Politics squeeze newspapers' funding
Across the country editors face government pressure, harassment
The Old Dominion University student senate cut the campus newspaper’s funding over 96 percent last April amid allegations the action was politically motivated.
The university refused to interfere with the senate’s decisions, but the Virginian-Pilot, a Norfolk professional newspaper, stepped in with a one-time grant to supplement the Mace and Crown’s budget. The gift allowed the student paper to put out its first paper of the school year.
Alleged harassment by student governments attempting to intimidate the student press through reduced funding may be increasing. Recently, similar problems in Pennsylvania and Minnesota have occurred.
The Old Dominion student senate, which has authority over all student activity allocations, defended its decision to cut the newspaper’s funding. Senate President Jeff Rowley has said many programs, including the scholarships of student leaders such as himself, were cut in an effort to create more diverse options for student involvement.
The Mace and Crown, though, was by far the hardest hit. Its funding fell from $2,500 in 1995-96 to $100 this year. “I was shocked,” said Mace and Crown editor Valerie Carino. “I couldn’t believe an organization like the student senate would use their purse strings to silence us.”
Last year, the newspaper had supported an impeachment effort against then-senate president Chris Pearson. When Pearson was elected, students voted to raise the minimum grade point average of student government officers from 2.0 to 2.5. Pearson’s GPA was 2.06.
The senate voted to exempt him.
At that time, Mace and Crown also covered supposed election violations concerning then-vice president Rowley. Rowley contends no actual complaints were filed with the election commission.
Both Pearson and Rowley were involved in drafting this year’s budget at the time of the allegations.
In this year’s budget, 26 new groups were funded and two-thirds of existing activities received budget increases. The budget supports previously unfunded organizations like the National Organization for the Reform of Marijuana Laws. The money from the city paper was a one-time gift. As for next year’s budget, Carino said “We are trying now to negotiate on friendly terms.”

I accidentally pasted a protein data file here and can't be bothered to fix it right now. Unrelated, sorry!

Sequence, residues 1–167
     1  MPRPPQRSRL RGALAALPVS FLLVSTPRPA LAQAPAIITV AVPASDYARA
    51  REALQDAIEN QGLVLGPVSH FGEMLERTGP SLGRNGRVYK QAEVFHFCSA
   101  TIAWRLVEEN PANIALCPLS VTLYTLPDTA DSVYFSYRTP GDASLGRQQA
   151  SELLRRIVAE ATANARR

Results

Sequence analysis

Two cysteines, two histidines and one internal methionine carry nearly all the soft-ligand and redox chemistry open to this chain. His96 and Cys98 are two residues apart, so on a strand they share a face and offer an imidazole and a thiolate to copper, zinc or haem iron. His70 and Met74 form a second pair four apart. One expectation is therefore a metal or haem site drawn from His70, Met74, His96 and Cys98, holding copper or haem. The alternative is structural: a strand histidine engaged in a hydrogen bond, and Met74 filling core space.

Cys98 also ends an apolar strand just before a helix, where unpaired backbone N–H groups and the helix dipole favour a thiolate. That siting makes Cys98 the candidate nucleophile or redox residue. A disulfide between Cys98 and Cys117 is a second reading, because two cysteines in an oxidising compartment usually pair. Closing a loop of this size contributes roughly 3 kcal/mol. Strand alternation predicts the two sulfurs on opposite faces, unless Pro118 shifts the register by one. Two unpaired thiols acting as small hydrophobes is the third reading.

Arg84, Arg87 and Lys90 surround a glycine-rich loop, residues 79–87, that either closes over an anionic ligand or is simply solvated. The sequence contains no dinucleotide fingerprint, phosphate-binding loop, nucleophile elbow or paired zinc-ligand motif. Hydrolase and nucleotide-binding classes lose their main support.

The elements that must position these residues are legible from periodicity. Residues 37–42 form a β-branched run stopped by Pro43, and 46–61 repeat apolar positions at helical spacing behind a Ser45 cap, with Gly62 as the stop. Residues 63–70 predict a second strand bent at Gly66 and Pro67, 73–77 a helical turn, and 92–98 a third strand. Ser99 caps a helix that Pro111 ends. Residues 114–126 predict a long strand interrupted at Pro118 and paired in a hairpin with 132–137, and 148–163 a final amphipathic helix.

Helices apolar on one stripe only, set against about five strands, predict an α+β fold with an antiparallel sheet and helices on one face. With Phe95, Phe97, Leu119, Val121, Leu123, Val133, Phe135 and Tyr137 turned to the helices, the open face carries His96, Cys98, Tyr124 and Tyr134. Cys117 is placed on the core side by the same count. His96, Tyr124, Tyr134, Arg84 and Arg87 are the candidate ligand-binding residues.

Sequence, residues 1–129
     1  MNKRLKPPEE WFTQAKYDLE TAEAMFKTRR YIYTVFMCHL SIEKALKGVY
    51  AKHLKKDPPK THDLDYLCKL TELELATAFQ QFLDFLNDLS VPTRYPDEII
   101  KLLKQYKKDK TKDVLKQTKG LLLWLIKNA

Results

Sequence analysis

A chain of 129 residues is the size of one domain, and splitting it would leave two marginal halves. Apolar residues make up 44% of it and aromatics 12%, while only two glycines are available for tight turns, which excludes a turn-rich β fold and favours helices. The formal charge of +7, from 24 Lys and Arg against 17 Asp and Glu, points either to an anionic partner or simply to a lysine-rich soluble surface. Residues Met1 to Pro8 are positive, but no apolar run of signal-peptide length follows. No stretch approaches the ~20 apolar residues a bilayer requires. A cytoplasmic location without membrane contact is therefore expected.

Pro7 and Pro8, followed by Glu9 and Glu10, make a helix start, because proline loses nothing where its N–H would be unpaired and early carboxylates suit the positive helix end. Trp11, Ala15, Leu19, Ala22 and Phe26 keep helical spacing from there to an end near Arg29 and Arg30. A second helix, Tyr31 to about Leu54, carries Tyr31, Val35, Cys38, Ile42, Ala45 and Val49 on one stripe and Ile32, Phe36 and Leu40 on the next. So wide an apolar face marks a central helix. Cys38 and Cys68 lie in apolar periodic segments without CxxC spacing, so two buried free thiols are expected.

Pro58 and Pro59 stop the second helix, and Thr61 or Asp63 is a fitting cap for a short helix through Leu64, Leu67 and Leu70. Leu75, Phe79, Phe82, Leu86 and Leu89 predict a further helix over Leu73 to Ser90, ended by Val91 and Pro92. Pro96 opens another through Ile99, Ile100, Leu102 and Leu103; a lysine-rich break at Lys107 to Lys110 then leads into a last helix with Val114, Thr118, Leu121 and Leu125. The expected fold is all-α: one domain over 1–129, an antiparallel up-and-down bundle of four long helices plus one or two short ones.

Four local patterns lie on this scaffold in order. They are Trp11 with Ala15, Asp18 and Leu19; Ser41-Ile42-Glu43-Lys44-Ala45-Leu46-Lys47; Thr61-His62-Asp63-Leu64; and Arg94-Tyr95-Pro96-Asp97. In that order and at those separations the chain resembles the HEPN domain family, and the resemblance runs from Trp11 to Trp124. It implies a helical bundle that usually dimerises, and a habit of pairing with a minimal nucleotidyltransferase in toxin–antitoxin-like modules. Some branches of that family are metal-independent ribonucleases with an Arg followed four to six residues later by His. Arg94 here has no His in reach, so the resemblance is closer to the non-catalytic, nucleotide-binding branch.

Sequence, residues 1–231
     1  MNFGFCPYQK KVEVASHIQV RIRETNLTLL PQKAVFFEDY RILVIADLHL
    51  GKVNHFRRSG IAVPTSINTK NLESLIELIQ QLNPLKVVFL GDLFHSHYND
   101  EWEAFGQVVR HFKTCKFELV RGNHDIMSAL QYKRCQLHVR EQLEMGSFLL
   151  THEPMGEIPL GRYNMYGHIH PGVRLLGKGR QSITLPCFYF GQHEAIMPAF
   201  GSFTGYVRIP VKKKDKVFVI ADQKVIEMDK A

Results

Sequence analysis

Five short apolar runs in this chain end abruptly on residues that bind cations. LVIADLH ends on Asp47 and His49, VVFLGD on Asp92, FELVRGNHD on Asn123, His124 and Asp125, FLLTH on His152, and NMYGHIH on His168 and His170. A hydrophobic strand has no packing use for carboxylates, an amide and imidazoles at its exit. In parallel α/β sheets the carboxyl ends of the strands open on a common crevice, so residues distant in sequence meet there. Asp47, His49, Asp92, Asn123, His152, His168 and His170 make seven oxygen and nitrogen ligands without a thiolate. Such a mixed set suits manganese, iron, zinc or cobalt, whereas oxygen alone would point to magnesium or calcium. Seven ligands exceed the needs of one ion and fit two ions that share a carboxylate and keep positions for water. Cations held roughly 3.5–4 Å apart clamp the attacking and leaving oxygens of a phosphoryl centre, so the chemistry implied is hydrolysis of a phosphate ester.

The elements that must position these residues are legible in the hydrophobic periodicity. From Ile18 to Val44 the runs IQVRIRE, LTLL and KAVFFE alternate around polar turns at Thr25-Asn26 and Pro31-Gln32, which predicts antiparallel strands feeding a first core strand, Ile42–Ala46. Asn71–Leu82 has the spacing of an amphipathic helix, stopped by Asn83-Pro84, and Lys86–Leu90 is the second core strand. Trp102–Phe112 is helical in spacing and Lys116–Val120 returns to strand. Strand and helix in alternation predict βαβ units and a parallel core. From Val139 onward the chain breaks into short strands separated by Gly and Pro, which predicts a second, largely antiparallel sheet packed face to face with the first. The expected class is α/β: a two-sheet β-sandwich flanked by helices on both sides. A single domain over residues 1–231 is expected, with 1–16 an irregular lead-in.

In Minnesota, Tammy Oseid, the editor of the student newspaper at St. John’s College has accused the student senate of similar budget-led intimidation. The senate there slashed the paper’s funding by about one third last year.
Last spring, the newspaper ran a story about a university investigation into $46,000 of senate spending. The senate was accused of misappropriating funds.
Also at issue, according to Oseid, is the fact that she is the first female editor of the paper. Oseid is a student at a nearby all-girls school, St. Benedict’s, which shares activity membership with St. John’s.
Robb Bass, who sits on the senate board that allocates activity funds, has said the cuts were not in retaliation. He claims the newspaper’s wasteful spending habits played a part in the senate’s decision to cut funding.
According to Oseid, in response to the controversy administrators have considered separating newspaper funding from the other club appropriations disbursed by the student government. But she said since the funding controversy has subsided, the initiative has lost momentum.
In another case, last spring the newspaper staff at Pennsylvania State University in Harrisburg experienced similar censorship problems. According to Jody Jacobs, the editor of the Capitol Times, the student government association seemed irked over coverage of their meetings, so they cut the newspaper’s budget. “They didn’t like being directly quoted,” Jacobs said.
According to Jacobs, although it has not been easy, the paper has made do with less money. But this year, there is a new government and things look brighter. “They are not treating us as just a club anymore,” Jacobs said. In the future, the newspaper’s budget will be funded directly from the student activity fee. Jacobs said she expects this will eliminate any content controversies with the student government.
reports, Winter 1996-97